Brain and Mind

Mask with closed eyes and images
The inner world

Cognitive neuroscience demonstrates the link between brain and mind. Change in thought, emotion, or perception is associated with activation of neural networks. Change induced in the brain through chemicals, neurotransmitters, lesions, or trans-magnetic stimulation is coupled with change in thought, emotion, or perception. Mind and brain seem so different yet isomorphic. They seem different because they are viewed from different vantage points. Mind encompasses the domain of the subjective; and the brain, the domain of the objective. Mind is experienced as within and brain is perceived as without.

But the idea of any simple mechanistic connection between mind and brain is doomed to failure. This was demonstrated fifty years ago when the renowned neurosurgeon, Wilder Penfield, implanted electrodes during open brain surgery in the human cortex. Successive activation of the same electrode implanted in exactly the same place elicited different memories, hallucinations, or sensations. What occurred did not arise from any one-to-one connection between a neuron and a memory, but depended upon the total equilibrium condition of the brain. From his eloquent experiments, science learned that neural pathways are dynamic and shifting, subject to systemic rules and complexity.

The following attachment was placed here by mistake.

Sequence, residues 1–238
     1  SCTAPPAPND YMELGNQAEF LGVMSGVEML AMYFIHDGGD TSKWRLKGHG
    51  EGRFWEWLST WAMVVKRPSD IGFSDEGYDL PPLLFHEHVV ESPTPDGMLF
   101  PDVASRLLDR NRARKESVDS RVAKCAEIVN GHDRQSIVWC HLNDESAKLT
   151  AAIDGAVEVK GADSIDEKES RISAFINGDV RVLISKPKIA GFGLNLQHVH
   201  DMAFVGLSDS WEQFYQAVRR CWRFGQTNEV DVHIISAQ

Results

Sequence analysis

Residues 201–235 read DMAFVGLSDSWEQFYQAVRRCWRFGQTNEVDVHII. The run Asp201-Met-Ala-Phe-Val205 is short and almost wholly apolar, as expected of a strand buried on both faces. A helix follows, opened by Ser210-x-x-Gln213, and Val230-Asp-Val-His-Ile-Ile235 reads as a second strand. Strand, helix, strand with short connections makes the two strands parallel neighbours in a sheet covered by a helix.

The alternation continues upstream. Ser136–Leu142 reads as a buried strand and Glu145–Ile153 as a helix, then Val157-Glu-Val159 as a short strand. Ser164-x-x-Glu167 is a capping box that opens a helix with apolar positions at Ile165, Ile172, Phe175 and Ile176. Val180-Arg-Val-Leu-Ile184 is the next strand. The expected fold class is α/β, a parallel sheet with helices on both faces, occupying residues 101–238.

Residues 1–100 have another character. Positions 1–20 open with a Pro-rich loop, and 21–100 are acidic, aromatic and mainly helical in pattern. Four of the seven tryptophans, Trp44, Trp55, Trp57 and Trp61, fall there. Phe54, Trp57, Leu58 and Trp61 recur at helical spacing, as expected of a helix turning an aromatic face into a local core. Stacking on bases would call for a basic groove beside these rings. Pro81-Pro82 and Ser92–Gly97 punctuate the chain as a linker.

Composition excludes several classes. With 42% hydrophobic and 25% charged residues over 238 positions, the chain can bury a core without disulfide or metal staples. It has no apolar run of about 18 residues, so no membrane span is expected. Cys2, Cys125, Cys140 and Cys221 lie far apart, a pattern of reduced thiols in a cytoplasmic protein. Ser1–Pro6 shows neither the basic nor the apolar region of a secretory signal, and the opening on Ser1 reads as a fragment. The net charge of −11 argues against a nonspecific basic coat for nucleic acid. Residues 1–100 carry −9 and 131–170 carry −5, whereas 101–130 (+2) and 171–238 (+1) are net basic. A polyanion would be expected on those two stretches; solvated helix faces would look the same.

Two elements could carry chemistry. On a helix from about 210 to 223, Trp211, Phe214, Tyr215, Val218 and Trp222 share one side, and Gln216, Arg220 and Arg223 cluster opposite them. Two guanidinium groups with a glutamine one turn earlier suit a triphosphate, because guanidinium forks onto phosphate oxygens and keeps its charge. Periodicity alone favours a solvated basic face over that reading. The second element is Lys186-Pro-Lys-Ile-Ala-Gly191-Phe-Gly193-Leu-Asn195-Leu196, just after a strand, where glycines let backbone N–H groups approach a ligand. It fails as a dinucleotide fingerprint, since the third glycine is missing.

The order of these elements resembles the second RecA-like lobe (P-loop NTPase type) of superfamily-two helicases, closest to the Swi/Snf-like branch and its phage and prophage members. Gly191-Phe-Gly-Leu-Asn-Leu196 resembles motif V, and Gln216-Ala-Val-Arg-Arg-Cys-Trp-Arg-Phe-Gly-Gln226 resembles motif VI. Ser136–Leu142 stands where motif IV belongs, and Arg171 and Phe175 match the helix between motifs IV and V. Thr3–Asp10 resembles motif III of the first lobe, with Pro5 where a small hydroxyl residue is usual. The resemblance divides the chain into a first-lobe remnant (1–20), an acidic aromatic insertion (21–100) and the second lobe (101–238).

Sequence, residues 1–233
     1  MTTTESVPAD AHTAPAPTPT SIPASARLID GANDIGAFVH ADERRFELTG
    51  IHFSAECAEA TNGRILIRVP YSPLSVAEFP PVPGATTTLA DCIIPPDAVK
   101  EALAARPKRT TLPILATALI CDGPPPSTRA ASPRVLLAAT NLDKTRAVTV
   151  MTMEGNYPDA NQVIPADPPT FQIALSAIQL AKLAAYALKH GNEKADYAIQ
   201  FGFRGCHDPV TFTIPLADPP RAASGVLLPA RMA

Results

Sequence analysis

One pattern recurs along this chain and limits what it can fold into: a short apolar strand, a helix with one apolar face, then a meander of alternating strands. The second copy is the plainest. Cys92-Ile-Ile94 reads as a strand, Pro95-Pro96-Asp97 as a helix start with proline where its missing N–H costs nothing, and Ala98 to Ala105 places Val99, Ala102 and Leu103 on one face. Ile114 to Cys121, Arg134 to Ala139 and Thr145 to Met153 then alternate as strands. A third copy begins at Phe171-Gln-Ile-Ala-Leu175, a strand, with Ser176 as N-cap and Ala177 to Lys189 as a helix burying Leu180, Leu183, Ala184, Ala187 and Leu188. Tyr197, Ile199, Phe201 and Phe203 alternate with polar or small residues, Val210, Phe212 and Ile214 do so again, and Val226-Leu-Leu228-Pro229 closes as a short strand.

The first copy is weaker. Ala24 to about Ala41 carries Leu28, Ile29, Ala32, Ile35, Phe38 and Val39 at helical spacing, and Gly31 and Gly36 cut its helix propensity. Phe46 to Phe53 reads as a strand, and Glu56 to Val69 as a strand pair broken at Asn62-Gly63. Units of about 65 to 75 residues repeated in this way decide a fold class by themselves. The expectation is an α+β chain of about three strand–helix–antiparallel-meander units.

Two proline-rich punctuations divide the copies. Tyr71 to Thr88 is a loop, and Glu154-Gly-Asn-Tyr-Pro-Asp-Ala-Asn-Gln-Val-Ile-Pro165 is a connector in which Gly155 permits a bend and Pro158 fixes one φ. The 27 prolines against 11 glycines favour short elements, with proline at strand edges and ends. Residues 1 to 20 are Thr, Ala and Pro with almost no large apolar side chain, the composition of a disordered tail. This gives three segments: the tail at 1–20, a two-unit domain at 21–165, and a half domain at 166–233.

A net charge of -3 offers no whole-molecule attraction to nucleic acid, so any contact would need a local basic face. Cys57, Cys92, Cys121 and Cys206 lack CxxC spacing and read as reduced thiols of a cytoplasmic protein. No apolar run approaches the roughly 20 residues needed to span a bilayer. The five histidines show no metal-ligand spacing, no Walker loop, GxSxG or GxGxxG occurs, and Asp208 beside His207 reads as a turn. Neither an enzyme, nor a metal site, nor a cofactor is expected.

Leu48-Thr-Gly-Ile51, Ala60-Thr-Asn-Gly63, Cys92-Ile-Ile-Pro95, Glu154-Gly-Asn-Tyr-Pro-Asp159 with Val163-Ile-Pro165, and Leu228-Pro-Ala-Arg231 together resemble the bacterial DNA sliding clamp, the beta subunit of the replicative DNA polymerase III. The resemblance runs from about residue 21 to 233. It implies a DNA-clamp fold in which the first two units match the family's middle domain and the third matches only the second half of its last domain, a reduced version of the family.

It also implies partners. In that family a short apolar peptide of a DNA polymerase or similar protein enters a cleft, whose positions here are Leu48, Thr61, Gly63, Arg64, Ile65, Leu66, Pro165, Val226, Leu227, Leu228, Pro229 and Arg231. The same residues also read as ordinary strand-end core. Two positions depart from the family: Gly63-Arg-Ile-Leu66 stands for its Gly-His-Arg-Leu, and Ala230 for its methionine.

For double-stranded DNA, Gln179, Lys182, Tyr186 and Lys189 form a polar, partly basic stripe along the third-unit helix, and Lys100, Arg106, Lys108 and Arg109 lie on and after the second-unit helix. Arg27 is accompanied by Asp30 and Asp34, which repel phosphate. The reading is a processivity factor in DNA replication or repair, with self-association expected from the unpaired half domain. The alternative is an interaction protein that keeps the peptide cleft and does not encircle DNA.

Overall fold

Neither brain nor mind appears to obey any simple deterministic calculus. This is glaringly obvious when an individual “mind” is contextualized by family, group, culture, and economy. That is, what individuals think, feel, or perceive is influenced by their proximate and distal social and economic environment as well as physical change within their bodies. This view finds expression in the social-cultural synthesis of the Frankfort School of psychoanalysis. On the one hand, mind is embedded in the body; on the other hand, mind is embodied in broader social-economic networks. Psychology, as embodied in psychodynamic theory, requires openness to causality at all levels and a broad base of understanding of the biological, ecological, interpersonal, cultural, and economic factors that influence human behavior.